I’m giving a speech today in Berlin, Germany at the Quo Vadis game conference. I was asked to talk about the state of the game industry and the prospects for game startups. Here’s an abridged version of the speech for those who want an overview of investment in games.

I love games. I played the original Pong when it first came out. I played Wing Commander in the early 1990s until my right arm became too tired to hold the joystick. When that happened, I did what any good gamer would do. I switched to the left arm.

I still play games. I love games like Halo 3, Killzone 2, and Call of Duty 4: Modern Warfare, where I made it to the rank of major on multiplayer. I play games on the Wii with my kids. Since I work all of the time as a blogger, I don’t get enough time to play, but I can play match three games like Trism on the iPhone. (I scored 7 million on the flight over here). Game companies can target me the way that Disney targets families with their movies. They create entertainment for generations families, with animations to please the kids and  inside jokes that only the old people can understand. As I grow older and continue to play games, and as I raise my children to play games, I am participating in the broadening of the video game market. It is this constant expansion that prompted VentureBeat to give its recent GamesBeat 09 conference the theme “All the World’s a Game.”

Games are busting down borders. The monthly NPD sales numbers haven’t captured the explosion of games on the iPhone, Facebook, casual games on the web, and PC online games. The term Funware refers to the use of game mechanics in non-game applications. ARA, a defense contractor, just recently acquired the serious game maker Virtual Heroes in order to make games about being an astronaut, medicine, and other training subjects. 3D depth cameras from Canesta, with software from Softkinetic, could make it so that you don’t even need a controller to make gestures in a game. As Jordan Weisman, founder of 42 Entertainment, once said, “Games are like oxygen. They are part of every activity, from reading to toys to TV to any kind of experience. They can be played on any kind of platform,” beyond the consoles. The broadening of the game market is why games can be somewhat resistant to the recession, even as other retail products suffer.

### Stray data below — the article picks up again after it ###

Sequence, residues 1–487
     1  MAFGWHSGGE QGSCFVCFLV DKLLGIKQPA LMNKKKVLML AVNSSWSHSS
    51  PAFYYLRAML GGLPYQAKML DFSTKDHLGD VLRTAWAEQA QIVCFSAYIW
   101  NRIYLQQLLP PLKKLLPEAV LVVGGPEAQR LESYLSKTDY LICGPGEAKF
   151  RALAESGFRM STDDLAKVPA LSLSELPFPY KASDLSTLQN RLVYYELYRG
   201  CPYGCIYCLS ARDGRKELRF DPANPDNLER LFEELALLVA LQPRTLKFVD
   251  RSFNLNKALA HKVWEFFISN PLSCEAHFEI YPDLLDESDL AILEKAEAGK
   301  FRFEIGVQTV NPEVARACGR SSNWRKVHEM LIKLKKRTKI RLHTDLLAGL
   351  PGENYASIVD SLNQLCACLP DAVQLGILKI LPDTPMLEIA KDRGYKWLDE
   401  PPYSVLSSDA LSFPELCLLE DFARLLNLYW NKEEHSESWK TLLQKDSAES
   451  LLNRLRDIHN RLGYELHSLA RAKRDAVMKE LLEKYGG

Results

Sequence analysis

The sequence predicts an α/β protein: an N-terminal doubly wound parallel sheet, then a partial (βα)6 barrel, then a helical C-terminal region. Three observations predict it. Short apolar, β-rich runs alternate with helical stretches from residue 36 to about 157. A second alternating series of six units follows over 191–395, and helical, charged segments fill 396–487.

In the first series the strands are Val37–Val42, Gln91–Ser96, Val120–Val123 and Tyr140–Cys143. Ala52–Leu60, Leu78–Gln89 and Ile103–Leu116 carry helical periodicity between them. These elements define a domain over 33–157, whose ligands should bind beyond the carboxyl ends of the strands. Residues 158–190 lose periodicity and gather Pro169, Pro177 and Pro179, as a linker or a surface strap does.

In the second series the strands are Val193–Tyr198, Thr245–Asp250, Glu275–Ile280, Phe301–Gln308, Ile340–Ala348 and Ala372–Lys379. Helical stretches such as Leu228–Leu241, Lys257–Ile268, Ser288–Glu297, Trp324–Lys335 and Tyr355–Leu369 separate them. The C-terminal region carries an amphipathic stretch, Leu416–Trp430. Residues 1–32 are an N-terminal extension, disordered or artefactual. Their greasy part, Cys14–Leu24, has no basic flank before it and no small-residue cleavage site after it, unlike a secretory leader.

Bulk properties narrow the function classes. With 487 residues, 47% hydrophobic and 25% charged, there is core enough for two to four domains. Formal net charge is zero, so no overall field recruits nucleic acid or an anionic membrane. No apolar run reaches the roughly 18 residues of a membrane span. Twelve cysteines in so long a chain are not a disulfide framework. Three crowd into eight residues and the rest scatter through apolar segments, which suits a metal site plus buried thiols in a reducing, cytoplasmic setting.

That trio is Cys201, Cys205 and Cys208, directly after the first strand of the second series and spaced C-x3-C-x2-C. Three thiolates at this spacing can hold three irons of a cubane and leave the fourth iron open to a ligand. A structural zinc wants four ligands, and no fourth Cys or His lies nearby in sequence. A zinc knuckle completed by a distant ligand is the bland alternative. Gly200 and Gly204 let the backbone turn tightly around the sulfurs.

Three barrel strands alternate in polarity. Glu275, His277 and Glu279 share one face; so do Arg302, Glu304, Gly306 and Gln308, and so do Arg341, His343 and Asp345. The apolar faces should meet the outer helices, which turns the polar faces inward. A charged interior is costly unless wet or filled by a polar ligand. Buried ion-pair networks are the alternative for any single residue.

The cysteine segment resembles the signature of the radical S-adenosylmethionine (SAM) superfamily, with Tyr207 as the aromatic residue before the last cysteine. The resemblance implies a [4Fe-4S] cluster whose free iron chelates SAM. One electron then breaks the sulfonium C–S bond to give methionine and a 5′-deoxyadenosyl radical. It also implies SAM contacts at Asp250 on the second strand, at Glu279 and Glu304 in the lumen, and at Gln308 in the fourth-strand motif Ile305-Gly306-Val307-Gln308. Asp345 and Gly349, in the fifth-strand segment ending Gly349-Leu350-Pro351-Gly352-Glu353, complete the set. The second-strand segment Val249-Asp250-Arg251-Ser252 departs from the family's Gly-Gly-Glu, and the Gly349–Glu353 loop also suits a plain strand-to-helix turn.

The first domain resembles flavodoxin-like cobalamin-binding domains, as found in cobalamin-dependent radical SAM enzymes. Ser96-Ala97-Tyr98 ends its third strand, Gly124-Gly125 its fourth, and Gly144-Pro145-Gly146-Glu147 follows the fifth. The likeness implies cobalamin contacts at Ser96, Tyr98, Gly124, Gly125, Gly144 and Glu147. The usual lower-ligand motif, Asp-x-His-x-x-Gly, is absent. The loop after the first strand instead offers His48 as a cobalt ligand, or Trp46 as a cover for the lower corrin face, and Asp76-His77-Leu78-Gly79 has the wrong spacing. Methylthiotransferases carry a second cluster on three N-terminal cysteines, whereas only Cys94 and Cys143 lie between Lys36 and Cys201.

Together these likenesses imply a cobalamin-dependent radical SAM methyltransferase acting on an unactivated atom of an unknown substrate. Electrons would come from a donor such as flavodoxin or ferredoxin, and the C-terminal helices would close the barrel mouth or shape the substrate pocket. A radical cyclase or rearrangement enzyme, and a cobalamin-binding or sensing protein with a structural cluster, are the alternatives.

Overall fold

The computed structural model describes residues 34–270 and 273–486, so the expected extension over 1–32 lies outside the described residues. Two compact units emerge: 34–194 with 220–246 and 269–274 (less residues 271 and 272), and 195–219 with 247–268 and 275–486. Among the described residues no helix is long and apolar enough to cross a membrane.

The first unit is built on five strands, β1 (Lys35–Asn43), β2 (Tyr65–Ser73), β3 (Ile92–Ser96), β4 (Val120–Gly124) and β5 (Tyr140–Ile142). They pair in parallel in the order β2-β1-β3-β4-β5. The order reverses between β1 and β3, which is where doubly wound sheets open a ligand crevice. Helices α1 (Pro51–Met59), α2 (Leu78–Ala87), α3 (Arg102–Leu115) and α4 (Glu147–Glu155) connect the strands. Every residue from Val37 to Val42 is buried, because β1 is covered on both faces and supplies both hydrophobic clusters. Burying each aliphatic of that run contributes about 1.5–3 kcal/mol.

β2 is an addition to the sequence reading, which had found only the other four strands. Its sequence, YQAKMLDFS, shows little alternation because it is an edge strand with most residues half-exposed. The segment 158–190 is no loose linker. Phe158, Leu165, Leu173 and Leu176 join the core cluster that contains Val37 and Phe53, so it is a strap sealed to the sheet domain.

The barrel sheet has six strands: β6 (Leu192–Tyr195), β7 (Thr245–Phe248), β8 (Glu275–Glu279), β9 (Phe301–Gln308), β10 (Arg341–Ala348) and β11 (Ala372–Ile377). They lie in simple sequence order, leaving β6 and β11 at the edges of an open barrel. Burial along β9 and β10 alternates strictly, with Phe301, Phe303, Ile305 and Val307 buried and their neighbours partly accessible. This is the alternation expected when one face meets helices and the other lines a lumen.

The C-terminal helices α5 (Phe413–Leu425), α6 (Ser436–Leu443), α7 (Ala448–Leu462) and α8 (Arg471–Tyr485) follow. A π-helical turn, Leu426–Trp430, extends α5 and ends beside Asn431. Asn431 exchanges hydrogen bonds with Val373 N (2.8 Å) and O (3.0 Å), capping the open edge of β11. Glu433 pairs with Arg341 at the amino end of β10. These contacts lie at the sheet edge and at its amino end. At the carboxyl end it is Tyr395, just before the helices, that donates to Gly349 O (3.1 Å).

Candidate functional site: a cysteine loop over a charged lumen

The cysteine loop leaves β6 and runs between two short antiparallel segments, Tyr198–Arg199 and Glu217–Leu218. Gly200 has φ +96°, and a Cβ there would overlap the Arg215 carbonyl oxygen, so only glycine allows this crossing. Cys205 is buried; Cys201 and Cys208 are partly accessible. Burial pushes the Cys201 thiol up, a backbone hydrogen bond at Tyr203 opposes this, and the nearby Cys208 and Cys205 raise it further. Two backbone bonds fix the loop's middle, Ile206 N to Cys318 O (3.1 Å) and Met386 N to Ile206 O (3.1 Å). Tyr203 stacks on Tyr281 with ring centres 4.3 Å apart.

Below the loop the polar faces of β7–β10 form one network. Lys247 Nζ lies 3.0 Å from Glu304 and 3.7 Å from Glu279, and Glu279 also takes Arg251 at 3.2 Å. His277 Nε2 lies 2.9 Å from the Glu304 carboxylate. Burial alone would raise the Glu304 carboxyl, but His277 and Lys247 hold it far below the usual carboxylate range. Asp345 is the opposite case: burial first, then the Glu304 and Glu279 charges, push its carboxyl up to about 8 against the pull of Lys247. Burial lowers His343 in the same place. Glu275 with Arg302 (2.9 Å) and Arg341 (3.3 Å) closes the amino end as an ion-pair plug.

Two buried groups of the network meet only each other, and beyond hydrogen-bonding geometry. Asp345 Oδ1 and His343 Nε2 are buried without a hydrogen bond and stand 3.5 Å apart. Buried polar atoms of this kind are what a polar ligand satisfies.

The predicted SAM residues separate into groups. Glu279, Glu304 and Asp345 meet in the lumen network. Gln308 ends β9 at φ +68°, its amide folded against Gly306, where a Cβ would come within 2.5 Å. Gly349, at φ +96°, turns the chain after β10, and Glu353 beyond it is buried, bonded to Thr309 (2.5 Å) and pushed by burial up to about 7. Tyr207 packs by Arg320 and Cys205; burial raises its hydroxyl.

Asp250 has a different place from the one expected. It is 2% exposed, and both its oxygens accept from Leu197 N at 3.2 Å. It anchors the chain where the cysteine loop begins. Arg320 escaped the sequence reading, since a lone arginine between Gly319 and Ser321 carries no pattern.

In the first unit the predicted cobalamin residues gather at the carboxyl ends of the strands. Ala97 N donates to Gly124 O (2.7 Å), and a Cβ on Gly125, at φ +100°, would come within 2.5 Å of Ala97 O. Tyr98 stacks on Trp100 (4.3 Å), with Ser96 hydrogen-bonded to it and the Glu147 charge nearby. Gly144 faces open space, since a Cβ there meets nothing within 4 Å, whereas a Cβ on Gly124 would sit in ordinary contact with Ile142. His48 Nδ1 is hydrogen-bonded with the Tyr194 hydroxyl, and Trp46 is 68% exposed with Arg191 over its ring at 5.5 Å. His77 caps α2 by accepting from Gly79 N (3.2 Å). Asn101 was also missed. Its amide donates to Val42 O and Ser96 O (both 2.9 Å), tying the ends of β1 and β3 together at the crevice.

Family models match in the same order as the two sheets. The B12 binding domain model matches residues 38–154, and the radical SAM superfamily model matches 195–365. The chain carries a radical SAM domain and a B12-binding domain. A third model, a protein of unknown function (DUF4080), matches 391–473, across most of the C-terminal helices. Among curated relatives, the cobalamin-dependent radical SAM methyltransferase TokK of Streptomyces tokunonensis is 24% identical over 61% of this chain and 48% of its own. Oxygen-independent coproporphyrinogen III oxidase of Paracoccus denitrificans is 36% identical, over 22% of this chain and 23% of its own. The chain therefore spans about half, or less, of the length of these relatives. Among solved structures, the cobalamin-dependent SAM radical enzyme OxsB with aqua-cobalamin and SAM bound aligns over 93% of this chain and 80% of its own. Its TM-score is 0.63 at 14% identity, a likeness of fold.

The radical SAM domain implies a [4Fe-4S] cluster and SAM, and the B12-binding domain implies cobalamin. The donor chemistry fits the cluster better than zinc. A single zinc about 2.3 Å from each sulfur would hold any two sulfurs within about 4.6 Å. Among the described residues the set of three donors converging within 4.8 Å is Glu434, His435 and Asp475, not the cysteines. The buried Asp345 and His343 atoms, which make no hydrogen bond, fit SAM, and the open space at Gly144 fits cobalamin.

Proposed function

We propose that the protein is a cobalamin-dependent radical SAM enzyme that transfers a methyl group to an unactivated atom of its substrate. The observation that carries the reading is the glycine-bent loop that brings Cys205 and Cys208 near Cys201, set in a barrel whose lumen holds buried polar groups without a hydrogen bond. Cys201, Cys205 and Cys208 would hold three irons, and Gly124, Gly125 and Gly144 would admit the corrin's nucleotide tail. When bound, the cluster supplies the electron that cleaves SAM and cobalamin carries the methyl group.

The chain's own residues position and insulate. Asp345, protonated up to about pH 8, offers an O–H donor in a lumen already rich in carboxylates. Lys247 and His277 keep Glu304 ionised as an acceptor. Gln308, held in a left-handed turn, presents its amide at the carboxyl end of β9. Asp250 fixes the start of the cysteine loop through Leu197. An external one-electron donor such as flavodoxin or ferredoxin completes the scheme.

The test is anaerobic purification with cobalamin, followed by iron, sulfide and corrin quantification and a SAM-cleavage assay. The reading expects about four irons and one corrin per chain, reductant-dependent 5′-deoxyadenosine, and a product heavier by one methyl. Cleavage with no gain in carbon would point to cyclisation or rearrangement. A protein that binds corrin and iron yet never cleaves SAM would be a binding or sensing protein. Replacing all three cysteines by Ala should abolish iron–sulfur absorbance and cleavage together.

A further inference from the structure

I’m so glad that this explosion of gaming has given me a multi-decade career. Games have kept me busy. I’ve written two books. Opening the Xbox was about the original team that created Microsoft’s first game console. The second book was The Xbox 360 Uncloaked, about the making of its second console. And in September, I wrote an 11,000 word article about the history of the defects in the Xbox 360. If I could remember any of that stuff right now, I would be a highly qualified speaker.

About three years ago, I gave a speech that asked why there was so little venture investment into games. I was angry that so many brilliant game designers couldn’t get money to do big-budget titles. But money is now flowing. A year ago, when I left my job as a columnist at the San Jose Mercury News to join VentureBeat, I thought I’d write very little about games, but I was wrong. It turned out that 2008 was a banner year for game startups. The point is, every time I thought that the game industry was going to run out of steam, it took a very interesting turn and gave me more things to write about and more reason to stay employed as a game writer.

The question that many startups face right now is this: How optimistic should we be? How scared should we be? And how do we plan for the future if we don’t know what’s happening?